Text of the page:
Despite the challenges, we have found that it is possible for community buildings to provide significant assistance during heatwaves to at-risk people, and some of the best solutions are not expensive. Some of the solutions involve modified operating hours, changes to staffing, and provision of heatwave safe kits for residents to take home. Following on from our project, the kits are already being produced by some councils and include items such as neck coolers, taxi vouchers, cooling towels and reusable drink bottles. Other actions involve adjustments to buildings like insulation, external shading, and ‘cool-scaping’.
Addressing heatwaves is one of the most urgent climate change adaptation challenges for everyone, so it needs to be everyone’s business.
Understanding the places people go during extreme weather events and how they use them is critical, as it can inform the potential for surge capacity at these centres. Clarity about roles, responsibilities, communication, and local coordination is also important, and would support those who work with our community’s most at-risk groups. We recommend that community service organisations consider developing heat plans for themselves, and explore how a heatwave might play out in their neighbourhood.
Our project has shown that it is possible for community buildings to provide significant assistance, for a relatively small cost. While there is still uncertainty about the roles of councils, other community support organisations, and community buildings during heatwaves, we feel confident that the findings of our work can inform future discussions. We’ve shown that at-risk people visit community buildings like libraries and neighbourhood houses during heatwaves, that some low-cost improvements can be made to those buildings and that there is a willingness to work together in situ to develop local heat approaches. It is important to keep advocating for these community buildings that provide many benefits to their community.
If you don’t have a means of staying cool at home in the summer heat, consider seeking community buildings – a library, a recreation centre, a neighbourhood house, etc. They are typically already set up to be cool on a hot day, and they provide a space for recreation, to learn, to connect, or to “beat the heat”.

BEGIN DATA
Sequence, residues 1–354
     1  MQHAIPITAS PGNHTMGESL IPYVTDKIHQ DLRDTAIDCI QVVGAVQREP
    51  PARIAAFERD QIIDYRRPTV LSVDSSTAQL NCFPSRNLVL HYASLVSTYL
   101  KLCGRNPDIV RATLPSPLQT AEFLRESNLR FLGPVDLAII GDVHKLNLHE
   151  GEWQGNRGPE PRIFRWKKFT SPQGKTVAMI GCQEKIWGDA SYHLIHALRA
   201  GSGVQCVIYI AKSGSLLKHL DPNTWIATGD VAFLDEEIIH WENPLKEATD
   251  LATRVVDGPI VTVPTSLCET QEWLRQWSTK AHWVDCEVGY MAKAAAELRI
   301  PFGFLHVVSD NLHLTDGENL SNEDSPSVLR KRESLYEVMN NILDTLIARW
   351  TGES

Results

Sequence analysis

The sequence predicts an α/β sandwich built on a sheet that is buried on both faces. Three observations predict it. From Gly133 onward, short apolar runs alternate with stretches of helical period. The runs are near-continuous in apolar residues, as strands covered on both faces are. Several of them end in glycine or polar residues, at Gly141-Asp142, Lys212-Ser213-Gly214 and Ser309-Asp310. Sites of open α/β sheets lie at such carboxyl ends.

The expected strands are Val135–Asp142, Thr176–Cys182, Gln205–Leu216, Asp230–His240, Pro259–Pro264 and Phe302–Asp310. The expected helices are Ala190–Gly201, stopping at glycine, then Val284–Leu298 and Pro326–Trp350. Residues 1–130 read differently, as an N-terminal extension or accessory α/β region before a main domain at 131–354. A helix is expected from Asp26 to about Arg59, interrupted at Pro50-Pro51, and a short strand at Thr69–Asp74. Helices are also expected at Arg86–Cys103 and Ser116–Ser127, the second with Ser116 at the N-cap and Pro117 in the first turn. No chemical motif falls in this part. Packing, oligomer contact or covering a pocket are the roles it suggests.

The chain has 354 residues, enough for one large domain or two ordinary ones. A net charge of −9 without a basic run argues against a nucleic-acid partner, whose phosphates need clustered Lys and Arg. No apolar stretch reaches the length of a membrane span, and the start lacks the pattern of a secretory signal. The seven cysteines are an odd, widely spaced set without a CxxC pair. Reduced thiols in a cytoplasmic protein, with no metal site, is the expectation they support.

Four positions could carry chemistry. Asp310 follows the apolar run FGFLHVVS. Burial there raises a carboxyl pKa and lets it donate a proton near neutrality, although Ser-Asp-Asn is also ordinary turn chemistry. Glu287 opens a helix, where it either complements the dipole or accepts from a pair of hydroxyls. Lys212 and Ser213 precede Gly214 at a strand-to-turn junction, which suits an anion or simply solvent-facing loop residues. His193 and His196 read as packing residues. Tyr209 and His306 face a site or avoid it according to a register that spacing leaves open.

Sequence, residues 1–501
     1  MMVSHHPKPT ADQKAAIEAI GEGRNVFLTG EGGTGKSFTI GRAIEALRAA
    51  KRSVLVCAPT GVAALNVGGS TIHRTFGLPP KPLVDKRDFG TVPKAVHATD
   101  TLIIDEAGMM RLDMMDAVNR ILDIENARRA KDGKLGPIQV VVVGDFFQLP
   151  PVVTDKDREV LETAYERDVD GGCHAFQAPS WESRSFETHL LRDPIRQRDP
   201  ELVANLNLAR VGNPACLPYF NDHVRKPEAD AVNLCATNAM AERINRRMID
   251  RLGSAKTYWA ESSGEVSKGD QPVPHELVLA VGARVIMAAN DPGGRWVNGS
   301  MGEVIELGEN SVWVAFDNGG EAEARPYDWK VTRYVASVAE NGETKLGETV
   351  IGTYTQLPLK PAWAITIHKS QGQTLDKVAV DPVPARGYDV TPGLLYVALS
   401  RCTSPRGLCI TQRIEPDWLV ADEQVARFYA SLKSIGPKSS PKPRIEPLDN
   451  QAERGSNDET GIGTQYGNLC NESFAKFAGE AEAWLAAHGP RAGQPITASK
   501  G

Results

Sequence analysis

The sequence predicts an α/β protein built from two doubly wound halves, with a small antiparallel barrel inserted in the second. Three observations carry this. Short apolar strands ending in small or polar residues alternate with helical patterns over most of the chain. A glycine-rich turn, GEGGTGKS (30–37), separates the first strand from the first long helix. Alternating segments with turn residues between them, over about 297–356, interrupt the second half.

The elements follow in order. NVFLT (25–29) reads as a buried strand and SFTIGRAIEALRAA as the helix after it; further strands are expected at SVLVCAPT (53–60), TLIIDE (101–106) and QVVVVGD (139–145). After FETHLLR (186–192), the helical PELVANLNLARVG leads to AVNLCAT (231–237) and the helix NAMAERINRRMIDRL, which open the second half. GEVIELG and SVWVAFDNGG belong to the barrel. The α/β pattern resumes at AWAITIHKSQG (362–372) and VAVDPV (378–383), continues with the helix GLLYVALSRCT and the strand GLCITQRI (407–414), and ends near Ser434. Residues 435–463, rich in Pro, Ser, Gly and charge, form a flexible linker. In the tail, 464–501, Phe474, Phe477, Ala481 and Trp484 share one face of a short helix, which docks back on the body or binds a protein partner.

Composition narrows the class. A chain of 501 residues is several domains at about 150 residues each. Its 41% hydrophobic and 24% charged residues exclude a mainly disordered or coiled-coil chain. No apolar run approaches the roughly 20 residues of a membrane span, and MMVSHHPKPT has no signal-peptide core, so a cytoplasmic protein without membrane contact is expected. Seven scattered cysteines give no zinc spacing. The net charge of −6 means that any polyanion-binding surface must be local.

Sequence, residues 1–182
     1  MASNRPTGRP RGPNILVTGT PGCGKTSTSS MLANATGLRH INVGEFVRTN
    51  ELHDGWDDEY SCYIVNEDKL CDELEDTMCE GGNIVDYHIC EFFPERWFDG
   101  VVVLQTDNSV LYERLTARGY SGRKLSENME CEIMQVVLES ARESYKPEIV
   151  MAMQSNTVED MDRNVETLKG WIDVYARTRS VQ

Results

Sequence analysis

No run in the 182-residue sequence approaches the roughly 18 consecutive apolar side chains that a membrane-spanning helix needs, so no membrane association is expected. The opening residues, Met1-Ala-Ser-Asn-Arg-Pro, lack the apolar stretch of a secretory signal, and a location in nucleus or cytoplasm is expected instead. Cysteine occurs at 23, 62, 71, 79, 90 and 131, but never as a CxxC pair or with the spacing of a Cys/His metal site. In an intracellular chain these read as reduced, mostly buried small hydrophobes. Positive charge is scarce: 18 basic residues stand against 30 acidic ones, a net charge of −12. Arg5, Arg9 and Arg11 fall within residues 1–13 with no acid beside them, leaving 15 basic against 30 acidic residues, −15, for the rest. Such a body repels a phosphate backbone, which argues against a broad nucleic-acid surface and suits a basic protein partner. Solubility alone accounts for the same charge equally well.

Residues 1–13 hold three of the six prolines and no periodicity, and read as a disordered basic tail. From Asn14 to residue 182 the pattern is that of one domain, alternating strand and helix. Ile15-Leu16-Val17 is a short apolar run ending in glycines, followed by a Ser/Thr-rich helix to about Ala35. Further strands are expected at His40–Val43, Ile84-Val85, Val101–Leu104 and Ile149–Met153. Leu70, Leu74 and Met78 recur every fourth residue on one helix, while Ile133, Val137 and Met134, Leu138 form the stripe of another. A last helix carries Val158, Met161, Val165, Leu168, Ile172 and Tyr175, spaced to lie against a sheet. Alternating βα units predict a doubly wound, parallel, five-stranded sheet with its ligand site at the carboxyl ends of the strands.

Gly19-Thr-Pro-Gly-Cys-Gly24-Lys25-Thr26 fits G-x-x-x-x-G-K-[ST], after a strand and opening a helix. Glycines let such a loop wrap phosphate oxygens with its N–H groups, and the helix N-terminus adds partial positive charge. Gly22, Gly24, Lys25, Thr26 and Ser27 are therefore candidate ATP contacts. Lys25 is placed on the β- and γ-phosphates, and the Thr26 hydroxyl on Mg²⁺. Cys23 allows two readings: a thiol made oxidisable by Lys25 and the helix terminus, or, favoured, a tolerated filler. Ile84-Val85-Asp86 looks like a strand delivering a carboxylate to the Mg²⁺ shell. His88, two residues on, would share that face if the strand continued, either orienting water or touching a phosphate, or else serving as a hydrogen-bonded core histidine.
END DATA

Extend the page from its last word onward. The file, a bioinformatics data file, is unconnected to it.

We’d like to thank the team at Network West who assisted by collecting local views about heat, Northern Alliance for Greenhouse Action for extending the project to the north, the 16 local councils and their officers who contributed their ideas and time selecting buildings and discussing their use. We also extend our thanks to Sweltering Cities for their insights and for continuing the conversations nationally.
Shirley Diez is a Program Manager at Victorian Department of Energy, Environment and Climate Action. She has supported and coordinated the delivery of state government projects and discussions about environmental and climate-related issues for more than two decades.
Fran Macdonald is the Executive Officer of WAGA, which includes Brimbank, Hobsons Bay, Maribyrnong, Melton, Moonee Valley, Moorabool, and Wyndham Councils. WAGA is also leading a broader project called ‘Victorian Climate Resilient Councils’, to develop an ongoing program of support for councils to understand and embed climate change adaptation across all their services, operations, and assets.
Phani Harsha Yeggina worked as Building Resilience Project Officer at the Yarra Energy Foundation during the delivery of this project. He has deep knowledge of issues surrounding climate change and is passionate about finding equitable and just solutions to the problems.
Thomson, T. N., et al. (2023). Population vulnerability to heat: A case-crossover analysis of heat health alerts and hospital morbidity data in Victoria, Australia. Australian and New Zealand Journal of Public Health, 100092.doi.org/10.1016/j.anzjph.2023.100092
Local Government Climate Change Adaptation Roles and Responsibilities under Victorian legislation. Guidance for local government decision-makers. (2020). Department of Environment, Land, Water and Planning, Victoria.